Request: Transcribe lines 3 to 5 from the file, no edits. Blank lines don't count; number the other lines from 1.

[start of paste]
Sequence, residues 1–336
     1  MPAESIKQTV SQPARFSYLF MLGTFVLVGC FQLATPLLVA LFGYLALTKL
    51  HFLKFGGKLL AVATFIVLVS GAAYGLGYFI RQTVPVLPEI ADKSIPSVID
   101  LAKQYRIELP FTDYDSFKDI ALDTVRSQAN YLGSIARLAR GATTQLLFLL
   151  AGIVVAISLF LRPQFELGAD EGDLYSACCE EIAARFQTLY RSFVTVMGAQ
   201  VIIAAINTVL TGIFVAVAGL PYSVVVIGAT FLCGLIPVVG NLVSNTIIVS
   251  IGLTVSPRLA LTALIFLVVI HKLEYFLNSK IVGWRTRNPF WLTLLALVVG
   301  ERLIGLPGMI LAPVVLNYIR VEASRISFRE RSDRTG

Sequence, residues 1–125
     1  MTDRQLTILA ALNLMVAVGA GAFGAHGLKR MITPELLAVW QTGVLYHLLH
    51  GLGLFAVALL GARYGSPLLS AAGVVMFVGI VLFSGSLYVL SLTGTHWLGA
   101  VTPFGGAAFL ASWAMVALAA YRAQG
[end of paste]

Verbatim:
    51  HFLKFGGKLL AVATFIVLVS GAAYGLGYFI RQTVPVLPEI ADKSIPSVID
   101  LAKQYRIELP FTDYDSFKDI ALDTVRSQAN YLGSIARLAR GATTQLLFLL
   151  AGIVVAISLF LRPQFELGAD EGDLYSACCE EIAARFQTLY RSFVTVMGAQ